A group of fascists walk into a bar

A jovial band of jolly political activists walk into a bar, they are each united by their love of policies that seek to take control over the lives of others, their tolerance or support for pervasive surveillance, for controls on speech, by their support for a party that endorsed an illegal war, and their fondness for spending other people’s money and controlling the property of others that they cannot tax away. They were also united by the fact that they each had, or had sympathy for those with unusual sexual or gender preferences – they were a Labour LGBT group.

The duty manager, after a while, says something like “we don’t serve your kind around here”. Bravo I say. I would not want to serve such a group either, but the problem here was that he referred not to their overt love of fascism but to their sexual and gender preferences.

I am not saying that the discrimination that took place was less evil because the people being discriminated against were fascists (okay, Labour Party members). What I am doing is asking isn’t it strange that they were discriminated against for being kinky, rather than for being fascists? That is a further example for my list of social judgments, ethical calculations performed in groups, going badly wrong. Discrimination against fascists isn’t really a thing, but it should be – more so now than ever.

Anyway, the duty manager was fired – rightly – by an apologetic brewery. Society worked. The calculation worked. The free-market worked. The idiot was made accountable for being an idiot. This is exactly the kind of thing libertarians rely on when we say we dislike bigotry but do not support state regulation of bigots. This is what non-state regulation of bigots looks like.

Something else that libertarians rely on is pubs. We tend to have meetings in them. Another group booked our usual pub so tonight we are in the pub where the above happened.  We will talk about sexual freedom in a place where society has scored a victory over its more unsavory and intolerant self – in favor of sexual freedom.

It also happens to have been the last pub available, so don’t read too much into it.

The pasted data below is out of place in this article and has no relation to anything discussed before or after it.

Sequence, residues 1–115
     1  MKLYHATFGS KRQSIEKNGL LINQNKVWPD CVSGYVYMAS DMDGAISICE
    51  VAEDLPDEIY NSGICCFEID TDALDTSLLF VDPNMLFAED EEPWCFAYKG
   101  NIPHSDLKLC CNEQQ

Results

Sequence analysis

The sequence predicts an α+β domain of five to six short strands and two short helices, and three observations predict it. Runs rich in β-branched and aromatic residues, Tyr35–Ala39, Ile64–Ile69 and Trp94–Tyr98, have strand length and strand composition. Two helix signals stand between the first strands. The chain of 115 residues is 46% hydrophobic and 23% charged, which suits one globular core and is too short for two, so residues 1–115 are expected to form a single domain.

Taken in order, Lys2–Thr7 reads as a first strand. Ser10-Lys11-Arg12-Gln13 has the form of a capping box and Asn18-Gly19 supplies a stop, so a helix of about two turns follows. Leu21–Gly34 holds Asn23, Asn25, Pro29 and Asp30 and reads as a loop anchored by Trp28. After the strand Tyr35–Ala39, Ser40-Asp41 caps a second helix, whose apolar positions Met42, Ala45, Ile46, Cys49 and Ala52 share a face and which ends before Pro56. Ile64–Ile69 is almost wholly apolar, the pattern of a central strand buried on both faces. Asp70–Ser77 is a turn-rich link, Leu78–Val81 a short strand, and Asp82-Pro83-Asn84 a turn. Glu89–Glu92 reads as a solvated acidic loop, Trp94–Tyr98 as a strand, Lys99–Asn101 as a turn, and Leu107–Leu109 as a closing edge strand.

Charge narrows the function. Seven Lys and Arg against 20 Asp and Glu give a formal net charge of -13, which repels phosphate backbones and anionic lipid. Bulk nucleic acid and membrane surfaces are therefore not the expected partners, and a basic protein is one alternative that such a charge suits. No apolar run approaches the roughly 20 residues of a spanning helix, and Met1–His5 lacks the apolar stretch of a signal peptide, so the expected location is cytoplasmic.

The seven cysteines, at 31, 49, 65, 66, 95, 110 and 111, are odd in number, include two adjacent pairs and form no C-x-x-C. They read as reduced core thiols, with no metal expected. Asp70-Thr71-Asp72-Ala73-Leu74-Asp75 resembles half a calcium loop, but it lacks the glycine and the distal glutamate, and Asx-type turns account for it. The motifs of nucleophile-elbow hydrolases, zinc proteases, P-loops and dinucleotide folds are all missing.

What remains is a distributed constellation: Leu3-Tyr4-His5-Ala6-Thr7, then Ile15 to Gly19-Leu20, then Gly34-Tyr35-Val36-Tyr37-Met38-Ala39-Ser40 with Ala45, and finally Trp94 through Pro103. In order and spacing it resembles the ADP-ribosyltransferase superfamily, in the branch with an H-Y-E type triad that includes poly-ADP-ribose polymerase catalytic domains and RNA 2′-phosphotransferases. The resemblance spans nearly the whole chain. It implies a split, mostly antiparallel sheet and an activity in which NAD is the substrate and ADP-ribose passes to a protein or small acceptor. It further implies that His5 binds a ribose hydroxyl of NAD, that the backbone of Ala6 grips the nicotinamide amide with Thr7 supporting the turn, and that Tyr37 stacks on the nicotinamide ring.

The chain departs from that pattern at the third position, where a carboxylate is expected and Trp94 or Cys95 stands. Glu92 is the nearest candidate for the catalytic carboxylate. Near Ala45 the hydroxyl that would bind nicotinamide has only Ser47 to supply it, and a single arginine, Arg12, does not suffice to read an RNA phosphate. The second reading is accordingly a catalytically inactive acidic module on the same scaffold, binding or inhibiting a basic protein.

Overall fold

1. Whether a war is “legal” or not is determined by the high court of the Crown in Parliament – it is naught to do with the United Nations or its “international law”.

    The action of Mr Blair was not wise (I said it was unwise at the time) as it was based on the idea that most people in Iraq were lovely and that the only problems were the nasty dictator and a few “extremists” – but it is was most certainly “legal”, and to argue otherwise is to side with Jeremy Corbyn.

    However, I agree with the general point – private property is just that, private.

    J.S. Mill was mistaken – the freedom of a butcher or a baker (or an inn keeper) is not somehow under a different “principle” from the freedom of a writer like himself.

    Economic freedom (the freedom to sell to those one wishes to sell to – and not to sell to those one does not wish to sell to) is under the same principle of freedom as freedom of speech – “my house my rules” (ditto with a book, newspaper, or radio station – private property).

    However, any bar that excluded people because the owner did not like what they did in the bedroom – is not a place that I would want to visit.

    “You do not want their money. up to you – but then you do not have my money either”.



    1. The view that the war was illegal correlates, in my experience, with being left-wing and labour supporters are more leftwards than I. So the point I was making was that these guys may well have believed the 2003 war was illegal, but were still members of the labour party making them, in their own terms …. what, exactly?

      I don’t point all my barbs in the same direction.



      1. The reason the Left hated the Iraq War (2003) was that the protagonists were the United States (bad) and the Ba’athist (Arab Renaissance Socialist Party) Iraqi regime (good), and that is that.


  2. The Common Law does not deal with a “butcher” or a “baker” or a “bar keeper” – the Common Law (the law of such people as Chief Justice Sir Edward Cook, of Dr Bonham’s case, and Chief Justice Sir John Holt of 1688 and all that) deals with a person (or private club or association….) that happens to sell meat, or bread, or booze.

    If there is no force or fraud involved then, as far as the Common Law (the Common Law of such people as Chief Justice Sir John Holt) is concerned, no crime has been committed.

    And refusing to trade with (or employ) someone is NOT aggressing against them.



  3. As every school boy (and girl) used to know – Dr Bonham’s case was about a man (by the name of Bonham) who was accused of the “crime” of practicing medicine without paying for a piece of paper called a “license”.

    Chief Justice Sir Edward Cook correctly ruled that selling a good or service without paying for piece of paper called a “license” was not a crime as the Common Law understood the concept.



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